‘Avoid fear rhetoric’

WASHINGTON — Taiwan’s chief trade representative says his country’s semiconductor makers will expand production in the US as much as they can afford to do so, but he insists Taiwan remains an ideal place for that production and other US trade, business and investment, despite tensions with China.

John Chen-Chung Deng spoke to The Associated Press on a visit this week to Washington, where he is leading a Taiwanese trade delegation and meeting with US trade officials.

Deng’s visit comes at a time of intensifying efforts to harden the US and Taiwanese militaries and economies against any threat from rival China.


As part of this, President Joe Biden and Congress are moving to boost semiconductor production on US soil in the event of any conflict disrupting exports from Asia, especially from Taiwan.

Semiconductors make electronics ranging from phones to electric cars to advanced weapons run, and Taiwan produces more than 90 percent of the world’s more advanced semiconductors.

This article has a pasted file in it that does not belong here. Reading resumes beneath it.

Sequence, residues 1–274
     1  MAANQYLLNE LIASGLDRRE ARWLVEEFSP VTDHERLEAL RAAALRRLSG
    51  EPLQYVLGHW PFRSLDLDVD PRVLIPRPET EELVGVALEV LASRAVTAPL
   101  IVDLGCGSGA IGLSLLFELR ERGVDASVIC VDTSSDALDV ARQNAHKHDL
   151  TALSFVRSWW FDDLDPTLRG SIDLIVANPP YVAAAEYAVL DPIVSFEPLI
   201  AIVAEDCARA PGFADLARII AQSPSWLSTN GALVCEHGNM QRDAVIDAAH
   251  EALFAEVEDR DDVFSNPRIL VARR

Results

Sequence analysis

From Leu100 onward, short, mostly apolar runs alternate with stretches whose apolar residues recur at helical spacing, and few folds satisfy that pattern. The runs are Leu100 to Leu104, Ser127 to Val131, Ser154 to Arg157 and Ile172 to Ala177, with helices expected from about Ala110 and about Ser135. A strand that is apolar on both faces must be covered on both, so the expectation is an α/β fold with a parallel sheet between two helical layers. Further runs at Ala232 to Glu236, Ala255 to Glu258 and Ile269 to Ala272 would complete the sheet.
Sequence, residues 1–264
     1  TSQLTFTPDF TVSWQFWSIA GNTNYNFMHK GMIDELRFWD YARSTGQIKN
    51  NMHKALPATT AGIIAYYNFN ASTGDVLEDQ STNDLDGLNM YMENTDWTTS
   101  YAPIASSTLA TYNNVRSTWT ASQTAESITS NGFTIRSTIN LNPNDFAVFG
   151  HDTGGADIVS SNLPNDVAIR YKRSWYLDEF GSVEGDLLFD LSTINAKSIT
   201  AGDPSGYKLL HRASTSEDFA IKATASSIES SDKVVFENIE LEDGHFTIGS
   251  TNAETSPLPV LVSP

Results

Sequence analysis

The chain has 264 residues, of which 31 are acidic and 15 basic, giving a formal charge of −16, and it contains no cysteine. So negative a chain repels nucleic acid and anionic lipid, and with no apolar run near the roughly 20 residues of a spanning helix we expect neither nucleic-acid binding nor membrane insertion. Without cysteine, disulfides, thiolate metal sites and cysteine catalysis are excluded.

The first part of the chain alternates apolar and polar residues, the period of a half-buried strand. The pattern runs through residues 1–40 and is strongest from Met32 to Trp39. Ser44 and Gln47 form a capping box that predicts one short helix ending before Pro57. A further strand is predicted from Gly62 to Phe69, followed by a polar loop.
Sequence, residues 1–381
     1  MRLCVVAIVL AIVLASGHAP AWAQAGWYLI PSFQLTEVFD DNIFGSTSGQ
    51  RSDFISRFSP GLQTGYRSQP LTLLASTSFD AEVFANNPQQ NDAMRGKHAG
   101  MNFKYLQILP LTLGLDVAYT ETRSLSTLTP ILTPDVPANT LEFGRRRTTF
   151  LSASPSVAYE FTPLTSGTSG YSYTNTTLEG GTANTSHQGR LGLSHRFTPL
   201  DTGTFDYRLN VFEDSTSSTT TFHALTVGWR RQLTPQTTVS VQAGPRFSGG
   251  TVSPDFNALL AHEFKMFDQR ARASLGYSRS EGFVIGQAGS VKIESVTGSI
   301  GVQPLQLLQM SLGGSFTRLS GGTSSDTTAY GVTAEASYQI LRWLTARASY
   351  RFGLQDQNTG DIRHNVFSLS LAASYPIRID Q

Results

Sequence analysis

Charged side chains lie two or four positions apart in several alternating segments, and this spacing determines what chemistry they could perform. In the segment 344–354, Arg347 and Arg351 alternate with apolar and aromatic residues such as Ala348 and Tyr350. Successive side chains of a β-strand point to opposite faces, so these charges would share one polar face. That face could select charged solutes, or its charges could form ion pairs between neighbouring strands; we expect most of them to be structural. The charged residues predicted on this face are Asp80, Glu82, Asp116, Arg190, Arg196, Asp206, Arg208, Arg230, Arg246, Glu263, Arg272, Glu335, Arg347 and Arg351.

At the same time, Pentagon leaders have been touring the Indo-Pacific to rally regional allies in bolstering military defenses and deterrence. A House committee last month war-gamed a hypothetical attack by China on Taiwan and US positions as part of a bipartisan congressional effort to find specific ways to boost deterrence.

Deng said Americans should see these efforts as ensuring that Chinese President Xi Jinping will never feel confident enough to invade Taiwan, which China claims as its own.

“We should avoid any exaggeration or rhetoric which doesn’t reflect the true situation, that creates fear … unnecessary fear,” said Deng.


He said the US business community in Taiwan assures him it is still expanding and hiring. He cited the experienced workforce and support industries that Taiwan offers for semiconductor producers and for Google, Amazon and other US businesses on its soil.

Relations between the US and China have hit dramatic peaks in tensions over the past two years as Xi’s government asserts China’s growing strength economically, diplomatically and militarily. That includes China underscoring its broad territorial claims in the region.

China, for its part, accuses the US of meddling in its internal affairs and pursuing a containment strategy against China to prevent its rise.

Taiwan and China split in 1949 after a civil war and have no official relations. They are linked by billions of dollars in trade and investment. The Chinese Communist Party regularly flies fighter planes and bombers near Taiwan to enforce its stance that the island is obliged to unite with the mainland, by force if necessary. / AP